Fake it till you save it? Synthetic animal parts pose a conservation conundrum

Fake it till you save it? Synthetic animal parts pose a conservation conundrum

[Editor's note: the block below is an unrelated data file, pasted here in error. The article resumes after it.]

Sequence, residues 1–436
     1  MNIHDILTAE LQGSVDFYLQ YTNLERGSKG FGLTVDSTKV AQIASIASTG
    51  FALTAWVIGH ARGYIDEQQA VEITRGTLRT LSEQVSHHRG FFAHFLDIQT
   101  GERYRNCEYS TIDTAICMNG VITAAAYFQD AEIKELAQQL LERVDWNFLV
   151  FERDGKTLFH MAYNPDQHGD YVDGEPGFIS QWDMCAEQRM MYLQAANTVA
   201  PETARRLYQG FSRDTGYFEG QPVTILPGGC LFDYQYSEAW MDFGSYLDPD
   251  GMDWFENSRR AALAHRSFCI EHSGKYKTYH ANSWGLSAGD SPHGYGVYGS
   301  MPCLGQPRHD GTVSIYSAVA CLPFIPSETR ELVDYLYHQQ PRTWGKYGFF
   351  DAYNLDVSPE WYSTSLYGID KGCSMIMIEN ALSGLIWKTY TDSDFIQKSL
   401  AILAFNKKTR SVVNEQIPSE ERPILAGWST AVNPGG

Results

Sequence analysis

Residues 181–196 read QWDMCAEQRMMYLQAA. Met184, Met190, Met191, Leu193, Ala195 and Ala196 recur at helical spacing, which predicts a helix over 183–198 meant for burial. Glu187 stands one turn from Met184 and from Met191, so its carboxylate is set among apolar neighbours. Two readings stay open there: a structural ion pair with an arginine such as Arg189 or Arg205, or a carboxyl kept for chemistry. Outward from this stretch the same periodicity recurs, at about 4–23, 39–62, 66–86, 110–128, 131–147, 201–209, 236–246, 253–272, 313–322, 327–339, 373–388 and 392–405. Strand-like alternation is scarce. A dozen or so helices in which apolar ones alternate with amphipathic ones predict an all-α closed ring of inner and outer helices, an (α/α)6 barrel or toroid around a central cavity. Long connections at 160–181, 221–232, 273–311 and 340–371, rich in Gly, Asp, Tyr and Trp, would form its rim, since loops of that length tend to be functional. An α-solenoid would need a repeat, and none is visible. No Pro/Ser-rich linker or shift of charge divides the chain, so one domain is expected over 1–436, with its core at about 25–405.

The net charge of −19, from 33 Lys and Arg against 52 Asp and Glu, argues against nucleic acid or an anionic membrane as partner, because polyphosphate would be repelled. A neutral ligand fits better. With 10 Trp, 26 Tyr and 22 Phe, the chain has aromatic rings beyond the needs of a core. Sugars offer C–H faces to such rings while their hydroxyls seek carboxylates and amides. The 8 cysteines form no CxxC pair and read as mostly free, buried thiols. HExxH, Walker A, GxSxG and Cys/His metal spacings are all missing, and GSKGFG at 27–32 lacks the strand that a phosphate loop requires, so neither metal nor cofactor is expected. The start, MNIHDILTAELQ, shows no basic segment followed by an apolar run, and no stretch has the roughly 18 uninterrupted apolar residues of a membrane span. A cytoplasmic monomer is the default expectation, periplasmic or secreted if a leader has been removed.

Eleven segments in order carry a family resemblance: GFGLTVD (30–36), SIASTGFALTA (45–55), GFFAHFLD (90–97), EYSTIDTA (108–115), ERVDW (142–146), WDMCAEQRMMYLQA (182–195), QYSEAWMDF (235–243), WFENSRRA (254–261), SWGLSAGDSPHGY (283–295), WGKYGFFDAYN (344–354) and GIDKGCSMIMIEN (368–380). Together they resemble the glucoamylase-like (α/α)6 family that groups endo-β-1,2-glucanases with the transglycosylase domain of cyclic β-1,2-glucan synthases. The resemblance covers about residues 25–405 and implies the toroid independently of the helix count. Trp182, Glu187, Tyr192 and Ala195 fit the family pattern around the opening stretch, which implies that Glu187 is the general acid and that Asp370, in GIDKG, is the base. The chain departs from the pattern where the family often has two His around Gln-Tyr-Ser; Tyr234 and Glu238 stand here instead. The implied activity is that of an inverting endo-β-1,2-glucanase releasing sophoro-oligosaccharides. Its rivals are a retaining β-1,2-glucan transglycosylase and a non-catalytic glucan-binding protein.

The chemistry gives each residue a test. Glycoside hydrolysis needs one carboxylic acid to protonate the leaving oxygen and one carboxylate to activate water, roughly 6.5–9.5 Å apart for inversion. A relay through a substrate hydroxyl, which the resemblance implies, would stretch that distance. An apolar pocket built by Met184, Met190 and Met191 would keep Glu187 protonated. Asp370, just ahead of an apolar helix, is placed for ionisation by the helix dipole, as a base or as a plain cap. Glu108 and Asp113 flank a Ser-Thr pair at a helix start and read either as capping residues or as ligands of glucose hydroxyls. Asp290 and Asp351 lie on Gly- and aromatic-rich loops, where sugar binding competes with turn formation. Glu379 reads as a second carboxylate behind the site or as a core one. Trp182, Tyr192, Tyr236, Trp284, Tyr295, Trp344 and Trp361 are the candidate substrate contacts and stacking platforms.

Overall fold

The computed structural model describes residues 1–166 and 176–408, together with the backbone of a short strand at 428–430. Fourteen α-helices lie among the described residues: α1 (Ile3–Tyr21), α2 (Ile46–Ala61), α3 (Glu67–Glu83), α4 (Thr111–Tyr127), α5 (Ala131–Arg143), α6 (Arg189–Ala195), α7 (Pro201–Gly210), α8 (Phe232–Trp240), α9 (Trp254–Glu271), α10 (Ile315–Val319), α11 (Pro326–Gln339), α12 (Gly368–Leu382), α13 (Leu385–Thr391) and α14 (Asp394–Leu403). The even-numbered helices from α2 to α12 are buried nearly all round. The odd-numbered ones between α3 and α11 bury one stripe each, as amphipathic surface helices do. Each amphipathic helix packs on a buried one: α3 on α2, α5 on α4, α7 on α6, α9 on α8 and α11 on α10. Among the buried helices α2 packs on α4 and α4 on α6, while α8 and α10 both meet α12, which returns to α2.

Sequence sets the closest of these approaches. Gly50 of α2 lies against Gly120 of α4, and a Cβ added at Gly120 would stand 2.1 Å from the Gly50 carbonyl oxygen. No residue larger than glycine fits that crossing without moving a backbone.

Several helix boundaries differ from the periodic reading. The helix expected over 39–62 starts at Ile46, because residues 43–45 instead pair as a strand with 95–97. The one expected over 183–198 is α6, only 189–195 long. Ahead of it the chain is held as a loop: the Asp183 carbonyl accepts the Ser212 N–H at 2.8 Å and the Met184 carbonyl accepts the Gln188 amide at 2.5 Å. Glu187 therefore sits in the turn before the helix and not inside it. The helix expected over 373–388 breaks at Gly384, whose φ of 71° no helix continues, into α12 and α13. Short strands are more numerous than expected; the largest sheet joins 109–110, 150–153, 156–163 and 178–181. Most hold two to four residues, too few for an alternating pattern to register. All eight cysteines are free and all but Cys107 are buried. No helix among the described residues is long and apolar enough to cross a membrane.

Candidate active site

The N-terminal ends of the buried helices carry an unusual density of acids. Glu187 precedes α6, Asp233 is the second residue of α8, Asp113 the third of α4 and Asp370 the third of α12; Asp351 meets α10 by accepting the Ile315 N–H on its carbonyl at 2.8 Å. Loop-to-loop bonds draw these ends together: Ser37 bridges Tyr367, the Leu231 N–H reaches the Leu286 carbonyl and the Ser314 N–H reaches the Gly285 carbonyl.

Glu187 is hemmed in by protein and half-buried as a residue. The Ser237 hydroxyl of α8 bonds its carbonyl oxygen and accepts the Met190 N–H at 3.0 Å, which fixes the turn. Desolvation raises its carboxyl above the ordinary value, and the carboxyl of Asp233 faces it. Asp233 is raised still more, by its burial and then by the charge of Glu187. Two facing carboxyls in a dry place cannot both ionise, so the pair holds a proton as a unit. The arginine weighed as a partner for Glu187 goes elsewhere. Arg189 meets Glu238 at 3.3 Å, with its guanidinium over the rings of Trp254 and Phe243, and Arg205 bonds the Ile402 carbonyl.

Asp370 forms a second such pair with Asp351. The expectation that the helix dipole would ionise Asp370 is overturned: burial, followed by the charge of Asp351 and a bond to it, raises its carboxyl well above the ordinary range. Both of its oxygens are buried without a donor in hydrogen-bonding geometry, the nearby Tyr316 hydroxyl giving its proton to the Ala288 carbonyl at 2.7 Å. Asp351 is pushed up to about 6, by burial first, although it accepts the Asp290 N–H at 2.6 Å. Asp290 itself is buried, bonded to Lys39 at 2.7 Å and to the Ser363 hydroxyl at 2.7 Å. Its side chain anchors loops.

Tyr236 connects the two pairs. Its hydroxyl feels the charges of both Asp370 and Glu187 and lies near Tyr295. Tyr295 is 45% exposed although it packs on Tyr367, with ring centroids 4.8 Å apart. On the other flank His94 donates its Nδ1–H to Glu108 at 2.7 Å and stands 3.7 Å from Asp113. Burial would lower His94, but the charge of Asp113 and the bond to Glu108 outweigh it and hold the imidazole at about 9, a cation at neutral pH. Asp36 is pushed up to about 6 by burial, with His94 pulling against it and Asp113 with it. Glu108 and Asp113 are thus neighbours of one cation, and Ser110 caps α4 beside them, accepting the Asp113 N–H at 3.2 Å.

Twice a year, thousands of members of South Africa’s Nazareth Baptist Church clothe themselves in spots and walk to their holy grounds in KwaZulu-Natal province to take up a dance. Following the swell of horns and the pounding of a drum, more than 1,500 male dancers move together, their stamping feet and upraised arms swinging in perfect sync. On each dancer’s shoulders hangs an amambatha: a fur cape covered in dazzling leopard spots. They tie these dancers to Zulu royalty and chiefs, who have worn the capes for generations. Despite their ancient origins, many amambatha now have a modern update: increasingly, dancers’ furs are made from plastic, pleather, and vinyl. They were developed in collaboration with Furs for Life, a project of the global wild cat conservation organization Panthera. “The wearing of amambatha signifies the power and pride brought by the beauty of the cat,” Lizwi Ncwane, a Shembe elder, told Mongabay. However, in recent years, the church was made aware of significant local declines in leopard species. “All members are alive to the fact that there is a need to contribute to the conservation of the cat,” Ncwane said. “In so doing the teachings of the founder of the Church that we shall care about all species is upheld.” Shembe dancers in January 2018, all wearing synthetic amambatha. Image by Gareth Whittington-Jones/Panthera. According to Jeffrey Dunnick, the Furs for Life project coordinator, about half of the dancers at Shembe gatherings now wear a synthetic amambatha. The synthetic garments are…This article was originally published on Mongabay

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